There’s a free ferry that crosses the river from the base of Canal Street, and I had wanted to ride it during the sunset. I mistimed it, though, and poor Andy ended up following me at a break-neck speed down the road only to discover that the boat had already left. I pouted, sweating, for a few minutes, until Andy rightly convinced me that the ride would be just as nice as the light was fading. (He’s very patient with me.) The view of the skyline was beautiful as we pulled away, and I don’t think I’ve ever appreciated a breeze so much.
The city was waking up during the return trip, one pinprick of light at a time. We disembarked, passed Harrah’s casino, and headed to the source of the neon glow: Bourbon Street.
It was a different world. Throngs of people illuminated by bar signs streamed up and down the road, which was closed to car traffic. Overhead, people leaned over balcony railings, catcalling to passersby and rewarding some – the lucky? the unlucky? – by flinging plastic beaded necklaces at their feet. One balcony, above a strip club, was outfitted with a disco-ball and bra-clad dancers.
The bars and “nude girls” establishments that were sad and empty in the day had turned into frenetic hives of activity, their promoters aggressively trying to draw in customers. One of the more baffling techniques they used was to simply stare down a passing tourist and gesture with to him or her with an index finger to come inside; it seemed to have a hypnotic effect. Live bands were trying to drown each other out from their respective bars. We passed blasts of country music, jazz, and zydeco, and stood outside of each for a few minutes to listen. [wpvideo 8gCYFvUr]
Despite the loose atmosphere, most places required customers to be 21 years old to enter, and bouncers were carding. I felt bad that I was holding us back and that we couldn’t pop inside to hear any of the music. But the real experience, I think, is just walking along the street and soaking in the fun madness. [wpvideo ZgTd2DbX]
Everyone seemed to be taking advantage of the city’s liberal open-container policy, which permits alcohol consumption on the streets as long as it’s not out of glass bottles. Nearly every bar advertised drinks “To-Go,” each one promoting its own specialty. One New Orleans specialty is called the Hurricane. It’s a bright pink frozen slushy drink full of unidentified alcohol; Andy picked one up for $5 from a dimly-lit stand in the wall. It was sickly sweet and alcohol-bitter at the same time, and probably pretty strong!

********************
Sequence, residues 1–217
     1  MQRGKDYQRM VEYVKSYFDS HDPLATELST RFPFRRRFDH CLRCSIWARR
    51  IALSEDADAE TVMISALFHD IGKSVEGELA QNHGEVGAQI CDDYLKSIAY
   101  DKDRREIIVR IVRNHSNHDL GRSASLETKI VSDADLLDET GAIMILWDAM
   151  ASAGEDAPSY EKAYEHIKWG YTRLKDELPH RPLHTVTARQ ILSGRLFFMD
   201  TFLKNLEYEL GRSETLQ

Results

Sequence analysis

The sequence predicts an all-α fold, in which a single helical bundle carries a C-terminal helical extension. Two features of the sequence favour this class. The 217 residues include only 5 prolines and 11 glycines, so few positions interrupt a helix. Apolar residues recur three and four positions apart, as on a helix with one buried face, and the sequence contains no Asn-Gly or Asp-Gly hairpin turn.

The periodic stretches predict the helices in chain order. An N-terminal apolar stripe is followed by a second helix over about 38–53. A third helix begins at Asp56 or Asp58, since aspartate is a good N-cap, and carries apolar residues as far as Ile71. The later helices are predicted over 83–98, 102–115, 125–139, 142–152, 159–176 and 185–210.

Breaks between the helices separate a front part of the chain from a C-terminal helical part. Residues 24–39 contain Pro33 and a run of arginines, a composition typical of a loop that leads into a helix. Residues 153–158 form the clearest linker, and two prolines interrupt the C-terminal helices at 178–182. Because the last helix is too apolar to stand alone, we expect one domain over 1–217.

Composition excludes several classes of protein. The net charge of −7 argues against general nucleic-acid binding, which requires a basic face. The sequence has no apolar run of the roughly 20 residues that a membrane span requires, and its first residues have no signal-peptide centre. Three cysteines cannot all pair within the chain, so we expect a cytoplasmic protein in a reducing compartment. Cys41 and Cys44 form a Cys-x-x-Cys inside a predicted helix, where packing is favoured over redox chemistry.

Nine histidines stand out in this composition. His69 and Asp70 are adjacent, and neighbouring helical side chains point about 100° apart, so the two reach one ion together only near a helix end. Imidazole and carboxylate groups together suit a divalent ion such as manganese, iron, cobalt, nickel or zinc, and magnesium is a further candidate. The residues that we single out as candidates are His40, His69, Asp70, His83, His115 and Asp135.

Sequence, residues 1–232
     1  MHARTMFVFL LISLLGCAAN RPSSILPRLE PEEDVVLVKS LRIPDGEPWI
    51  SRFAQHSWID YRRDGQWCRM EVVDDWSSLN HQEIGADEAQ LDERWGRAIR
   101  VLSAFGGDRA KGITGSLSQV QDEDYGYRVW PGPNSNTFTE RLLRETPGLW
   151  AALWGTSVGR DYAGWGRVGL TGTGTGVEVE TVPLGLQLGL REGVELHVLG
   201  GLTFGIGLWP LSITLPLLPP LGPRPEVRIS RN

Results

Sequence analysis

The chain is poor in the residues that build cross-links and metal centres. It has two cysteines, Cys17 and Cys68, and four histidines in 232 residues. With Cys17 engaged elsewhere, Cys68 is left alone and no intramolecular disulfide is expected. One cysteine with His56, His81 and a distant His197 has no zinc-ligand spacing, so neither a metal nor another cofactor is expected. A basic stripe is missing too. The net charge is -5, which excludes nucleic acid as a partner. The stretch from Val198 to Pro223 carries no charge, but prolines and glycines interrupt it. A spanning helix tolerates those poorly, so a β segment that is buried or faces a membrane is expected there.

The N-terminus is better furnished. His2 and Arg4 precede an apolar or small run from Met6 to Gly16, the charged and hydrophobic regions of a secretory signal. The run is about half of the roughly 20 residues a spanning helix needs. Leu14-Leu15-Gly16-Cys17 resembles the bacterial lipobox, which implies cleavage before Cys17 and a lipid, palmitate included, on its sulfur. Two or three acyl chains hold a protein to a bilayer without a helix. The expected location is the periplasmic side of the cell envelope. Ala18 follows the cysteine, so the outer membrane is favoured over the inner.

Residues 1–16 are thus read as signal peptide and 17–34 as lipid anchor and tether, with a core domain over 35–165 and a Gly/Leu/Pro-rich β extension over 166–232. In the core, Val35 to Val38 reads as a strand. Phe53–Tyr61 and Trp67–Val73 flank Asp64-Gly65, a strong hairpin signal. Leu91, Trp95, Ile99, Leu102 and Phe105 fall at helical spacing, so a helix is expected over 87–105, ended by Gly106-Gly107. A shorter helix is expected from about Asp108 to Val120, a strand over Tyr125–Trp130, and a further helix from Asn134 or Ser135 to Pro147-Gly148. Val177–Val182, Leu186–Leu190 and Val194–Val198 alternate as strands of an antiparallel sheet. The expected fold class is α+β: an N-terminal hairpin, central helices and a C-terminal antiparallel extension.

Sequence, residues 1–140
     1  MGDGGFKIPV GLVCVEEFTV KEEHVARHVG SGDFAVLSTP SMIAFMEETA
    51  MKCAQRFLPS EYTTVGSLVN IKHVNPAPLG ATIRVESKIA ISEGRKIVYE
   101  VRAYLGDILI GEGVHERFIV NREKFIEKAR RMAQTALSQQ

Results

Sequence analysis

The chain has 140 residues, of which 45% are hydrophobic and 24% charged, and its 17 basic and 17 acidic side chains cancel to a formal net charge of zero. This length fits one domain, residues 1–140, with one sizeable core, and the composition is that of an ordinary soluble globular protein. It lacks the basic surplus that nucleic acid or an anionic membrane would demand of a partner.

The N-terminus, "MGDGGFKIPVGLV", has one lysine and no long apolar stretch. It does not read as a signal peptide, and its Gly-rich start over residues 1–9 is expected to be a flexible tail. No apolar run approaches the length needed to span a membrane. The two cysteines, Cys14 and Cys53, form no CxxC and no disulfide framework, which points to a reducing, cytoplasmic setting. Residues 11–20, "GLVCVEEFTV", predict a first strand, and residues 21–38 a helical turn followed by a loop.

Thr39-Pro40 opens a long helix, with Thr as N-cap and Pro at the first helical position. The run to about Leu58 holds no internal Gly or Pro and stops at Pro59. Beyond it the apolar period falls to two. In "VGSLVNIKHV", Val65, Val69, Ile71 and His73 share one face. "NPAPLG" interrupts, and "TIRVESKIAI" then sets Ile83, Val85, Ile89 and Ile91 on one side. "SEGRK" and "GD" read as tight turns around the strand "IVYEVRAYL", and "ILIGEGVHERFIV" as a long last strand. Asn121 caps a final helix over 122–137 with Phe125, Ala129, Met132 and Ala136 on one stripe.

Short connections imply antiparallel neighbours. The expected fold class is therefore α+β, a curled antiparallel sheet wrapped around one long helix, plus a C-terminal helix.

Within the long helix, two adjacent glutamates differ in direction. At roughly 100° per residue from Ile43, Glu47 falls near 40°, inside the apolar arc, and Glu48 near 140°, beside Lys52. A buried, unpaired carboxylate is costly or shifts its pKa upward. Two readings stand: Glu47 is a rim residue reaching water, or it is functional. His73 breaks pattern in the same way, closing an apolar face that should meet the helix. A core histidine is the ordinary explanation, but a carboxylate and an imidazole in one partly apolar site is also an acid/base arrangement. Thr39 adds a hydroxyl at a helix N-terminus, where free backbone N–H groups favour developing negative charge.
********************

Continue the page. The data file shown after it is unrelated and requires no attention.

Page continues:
I was infuriated when we passed a group of young children in church t-shirts handing out evangelical literature; a group of them was standing in the center of the street, supporting a large wooden cross. Their adult handlers were standing a little ways off. The kids called out asking about the state of our souls, and it took all my self control not to go over there and point out the incongruity of manipulating children while exposing them to the stripers parading the streets. *Sigh.*
Andy and I ducked into Remoulade, a casual little brother restaurant to Arnaud’s, one of the oldest and fanciest restaurants in the Quarter. It was so cold and peaceful inside compared to the sweaty ruckus on the street; it was WONDERFUL. It 10 pm and fairly empty, unlike the rowdier bars, but it was so nice to just sit in the air conditioning and survey the creole menu. Andy ordered these DELICIOUS crawfish pies, and I ate really good stuffed crabs. Great place!
Back on Bourbon, and we really started to enjoy the scene. Basically, you just have to take the crazy and run with it. We noticed that it seemed to be mostly 30 and 40-year-olds milling about; where do the younger people hang out? I saw a middle-aged woman flash a balcony, much to everyone’s delight.
We turned back toward the hotel, but not before picking up another New Orleans favorite, the Hand Grenade. Sold in a green plastic glass with a little knobby end shaped to look like a bomb attached to a long funny tube with a straw, it was another sweet, liquor-y frozen mess. Perfect way to end our first day in the chaos that is the Crescent City.
Recommended Eating: Gumbo Shop, Remoulade
Recommended Walking: Jackson Square, Mississippi River front, Bourbon Street at night
Recommended Activities: Canal Street-Algiers Ferry